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Learn to Anticipate Your Customers Needs
This morning I was having breakfast with my good friend Diane at one of my favorite breakfast nooks. I enjoy the atmosphere there although I've been less than pleased with the customer service so far.
This morning when we decided to go to breakfast, my mouth started watering for their delicious scones. They usually have 3-4 kinds available such as chocolate chip, blueberry and cranberry. I have shared these with my mom a few times and always love it with raspberry or strawberry jam and a "spot" of mint tea and honey.
This morning was no different. I knew exactly what I wanted when I got there. When it was my time to order I asked the waitress to bring some jam with my scone. Her answer totally put me off and I got defensive. She said: "well, we might have some jelly, but most people want raspberry or strawberry and I'm not sure if I can find any, so you might have to have orange".
The hot prickles hit the back of my neck and I got ticked! I'm the customer after all, paying you and I don't care if you have to run down the street to get the right jelly, I know you have it.. so FIND it!
My answer surprised her. I said, "oh NO, that won't do. I don't eat orange. You'll have to find me some of the other jams that I like". (I think I even said I HATE orange... to be extra dramatic! Okay, so it's a little over the top... but I didn't WANT orange! )
Long story short, she found the jelly. But we were both a bit upset throughout the process. I was upset because I'm a regular customer and I know what the restaurant offers. She was upset because I challenged her and strongly suggested that she serve me what I wanted? which meant she was going to have to work a bit harder.
Learning to anticipate your customer's needs means that when you find out that customers like a certain service, or a certain product more than others, then KEEP IT ON HAND. If they don't like a certain system or they don't like something that you offer, be willing to listen to the complaints and solve the problem first if you can. If you can't, then sympathize with the customer, explain and offer a different solution! Never just say "no" to a customer if you want to keep them coming back.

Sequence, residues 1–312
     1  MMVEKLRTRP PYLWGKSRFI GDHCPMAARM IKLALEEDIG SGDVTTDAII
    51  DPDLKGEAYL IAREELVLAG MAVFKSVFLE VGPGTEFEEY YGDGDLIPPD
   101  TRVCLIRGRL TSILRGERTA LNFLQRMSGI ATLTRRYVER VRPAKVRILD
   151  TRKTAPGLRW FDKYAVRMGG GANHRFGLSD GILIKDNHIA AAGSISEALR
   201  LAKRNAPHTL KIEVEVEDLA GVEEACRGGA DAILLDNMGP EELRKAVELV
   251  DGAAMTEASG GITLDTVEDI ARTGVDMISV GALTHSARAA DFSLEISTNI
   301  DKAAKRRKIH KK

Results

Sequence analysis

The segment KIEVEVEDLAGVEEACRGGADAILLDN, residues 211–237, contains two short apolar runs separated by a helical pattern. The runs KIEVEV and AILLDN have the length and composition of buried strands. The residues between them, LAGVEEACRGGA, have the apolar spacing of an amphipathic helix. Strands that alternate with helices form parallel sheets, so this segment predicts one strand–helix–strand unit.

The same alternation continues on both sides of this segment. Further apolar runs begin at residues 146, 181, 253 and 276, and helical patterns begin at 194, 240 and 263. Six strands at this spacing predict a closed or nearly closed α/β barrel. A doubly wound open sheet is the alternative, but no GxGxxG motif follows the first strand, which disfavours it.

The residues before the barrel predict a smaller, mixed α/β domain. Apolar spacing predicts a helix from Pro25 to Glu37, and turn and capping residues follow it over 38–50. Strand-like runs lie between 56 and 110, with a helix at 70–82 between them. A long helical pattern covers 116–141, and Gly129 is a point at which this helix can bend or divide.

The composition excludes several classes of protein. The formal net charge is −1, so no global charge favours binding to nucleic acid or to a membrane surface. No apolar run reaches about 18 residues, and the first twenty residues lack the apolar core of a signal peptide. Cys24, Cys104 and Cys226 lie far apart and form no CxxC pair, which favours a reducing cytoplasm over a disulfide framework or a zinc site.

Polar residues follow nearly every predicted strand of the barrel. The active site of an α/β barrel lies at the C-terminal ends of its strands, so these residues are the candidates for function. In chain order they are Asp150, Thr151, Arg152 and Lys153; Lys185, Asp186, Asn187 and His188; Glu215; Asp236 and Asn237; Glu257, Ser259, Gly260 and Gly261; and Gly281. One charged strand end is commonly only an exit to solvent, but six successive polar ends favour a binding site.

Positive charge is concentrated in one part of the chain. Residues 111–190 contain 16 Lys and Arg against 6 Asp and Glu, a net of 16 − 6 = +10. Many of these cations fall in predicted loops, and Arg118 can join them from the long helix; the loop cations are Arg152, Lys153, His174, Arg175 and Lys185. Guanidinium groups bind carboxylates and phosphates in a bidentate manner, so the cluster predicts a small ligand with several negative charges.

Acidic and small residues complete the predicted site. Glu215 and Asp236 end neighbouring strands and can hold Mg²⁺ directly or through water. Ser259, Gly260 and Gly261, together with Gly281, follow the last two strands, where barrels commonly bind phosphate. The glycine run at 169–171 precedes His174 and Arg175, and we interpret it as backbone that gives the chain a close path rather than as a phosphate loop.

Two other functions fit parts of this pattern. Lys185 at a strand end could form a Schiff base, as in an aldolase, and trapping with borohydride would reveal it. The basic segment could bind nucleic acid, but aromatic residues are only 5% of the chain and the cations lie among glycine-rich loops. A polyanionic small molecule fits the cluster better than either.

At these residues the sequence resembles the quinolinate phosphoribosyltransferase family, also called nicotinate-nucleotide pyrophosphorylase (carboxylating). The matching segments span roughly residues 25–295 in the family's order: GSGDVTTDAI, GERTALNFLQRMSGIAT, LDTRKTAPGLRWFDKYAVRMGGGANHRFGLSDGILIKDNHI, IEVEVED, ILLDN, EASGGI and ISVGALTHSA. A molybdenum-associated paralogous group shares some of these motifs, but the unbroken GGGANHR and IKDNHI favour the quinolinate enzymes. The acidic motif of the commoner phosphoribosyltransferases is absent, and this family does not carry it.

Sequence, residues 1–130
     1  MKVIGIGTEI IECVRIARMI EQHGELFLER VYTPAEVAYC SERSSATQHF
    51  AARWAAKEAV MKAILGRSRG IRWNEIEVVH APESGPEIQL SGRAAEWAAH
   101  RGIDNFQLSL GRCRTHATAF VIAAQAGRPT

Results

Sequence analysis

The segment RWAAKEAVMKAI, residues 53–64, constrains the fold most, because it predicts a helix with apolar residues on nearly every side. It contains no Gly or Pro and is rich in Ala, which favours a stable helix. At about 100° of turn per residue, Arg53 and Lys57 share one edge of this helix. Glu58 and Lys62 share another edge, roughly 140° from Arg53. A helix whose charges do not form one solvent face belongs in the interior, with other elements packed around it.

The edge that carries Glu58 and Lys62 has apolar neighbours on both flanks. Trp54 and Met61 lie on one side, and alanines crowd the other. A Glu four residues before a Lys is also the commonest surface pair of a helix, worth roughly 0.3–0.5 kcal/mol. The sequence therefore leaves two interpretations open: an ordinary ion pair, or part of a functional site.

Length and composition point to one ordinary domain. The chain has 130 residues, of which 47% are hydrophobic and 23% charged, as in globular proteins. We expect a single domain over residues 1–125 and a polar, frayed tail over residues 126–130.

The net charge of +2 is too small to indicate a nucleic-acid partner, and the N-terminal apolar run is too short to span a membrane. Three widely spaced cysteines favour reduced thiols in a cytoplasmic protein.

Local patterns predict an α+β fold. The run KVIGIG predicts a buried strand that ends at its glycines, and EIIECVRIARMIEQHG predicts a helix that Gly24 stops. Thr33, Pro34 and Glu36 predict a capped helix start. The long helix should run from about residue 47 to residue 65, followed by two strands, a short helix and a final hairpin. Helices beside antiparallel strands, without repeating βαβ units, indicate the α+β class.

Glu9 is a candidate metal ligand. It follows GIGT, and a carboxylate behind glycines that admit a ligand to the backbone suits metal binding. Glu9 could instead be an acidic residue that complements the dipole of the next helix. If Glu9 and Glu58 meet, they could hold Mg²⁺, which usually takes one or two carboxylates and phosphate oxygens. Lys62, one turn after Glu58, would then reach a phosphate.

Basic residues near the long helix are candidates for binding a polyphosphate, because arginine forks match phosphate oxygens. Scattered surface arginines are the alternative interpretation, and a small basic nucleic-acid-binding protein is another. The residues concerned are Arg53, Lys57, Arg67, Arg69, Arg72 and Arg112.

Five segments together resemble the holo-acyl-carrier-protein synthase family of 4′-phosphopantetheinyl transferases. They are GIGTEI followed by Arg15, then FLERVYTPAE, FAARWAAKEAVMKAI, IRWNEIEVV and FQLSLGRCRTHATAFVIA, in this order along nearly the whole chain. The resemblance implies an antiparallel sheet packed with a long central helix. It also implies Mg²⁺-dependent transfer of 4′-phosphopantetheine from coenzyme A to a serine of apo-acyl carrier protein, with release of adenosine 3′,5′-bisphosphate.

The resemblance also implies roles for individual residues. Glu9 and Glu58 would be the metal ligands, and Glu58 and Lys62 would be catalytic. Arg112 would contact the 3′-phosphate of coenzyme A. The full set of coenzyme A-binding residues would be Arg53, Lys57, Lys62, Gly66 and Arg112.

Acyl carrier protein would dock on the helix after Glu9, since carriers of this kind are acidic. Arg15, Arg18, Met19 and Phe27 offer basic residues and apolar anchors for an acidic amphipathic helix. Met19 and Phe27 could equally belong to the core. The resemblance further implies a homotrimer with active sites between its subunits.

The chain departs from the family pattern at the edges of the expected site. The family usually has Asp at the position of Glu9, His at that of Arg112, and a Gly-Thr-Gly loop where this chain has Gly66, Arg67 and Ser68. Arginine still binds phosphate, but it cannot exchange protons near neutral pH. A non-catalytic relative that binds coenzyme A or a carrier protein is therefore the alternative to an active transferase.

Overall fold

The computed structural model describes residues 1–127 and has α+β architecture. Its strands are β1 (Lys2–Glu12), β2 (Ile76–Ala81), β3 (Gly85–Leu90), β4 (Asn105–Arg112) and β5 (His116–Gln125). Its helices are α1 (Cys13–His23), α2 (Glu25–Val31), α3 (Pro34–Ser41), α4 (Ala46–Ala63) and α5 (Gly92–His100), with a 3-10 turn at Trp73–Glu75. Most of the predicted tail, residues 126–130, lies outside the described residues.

For the waitress this morning to be effective, she'd have to go the extra step and tell her management that she's noticing that they're running low on Strawberry and Raspberry jelly. She'd have to request that the manager order EXTRA of those and keep them on hand at all time. She would have needed to handle me by saying that she'd do WHATEVER she could to find the jam I requested, and if she was unsuccessful, she'd figure something out. (If it came down to that, then she should offer me free scone or something of that nature.)
Pleasing her customers will bring bigger tips and what else? The all important returning customer!!! The 80-20 rule is always in effect: 20% of your customers will give you 80% of their business. That means that you HAVE to learn to know what the customers LIKE so you can be ready.
What about you? Are you ready for your customers? Do you know what they'll complain about or what they want more of? Can you prepare in advance so you won't be caught off guard?
Learning what your customers want is important. But learning what they will want NEXT is the sign of truly outstanding customer service.
Mary Gardner, The Charisma Coach! is an Executive Communications Consultant and Trainer. She works with, coaches and trains individuals, sales teams, executives, and celebrities. Her topics are sales, customer service, teamwork, coaching and communications. She owned and operated one of the first coaching institutions on the east coast, CCI, in NYC, Philly and NJ. Mary has appeared on ABC's 20/20 and has self published a book on public speaking. Mary is married to Sway and is mommy to Jeremy 5, and lives in Orlando, FL.
Contact: firstname.lastname@example.org or WEB: www.marygardner.com
Customer Service - Google News
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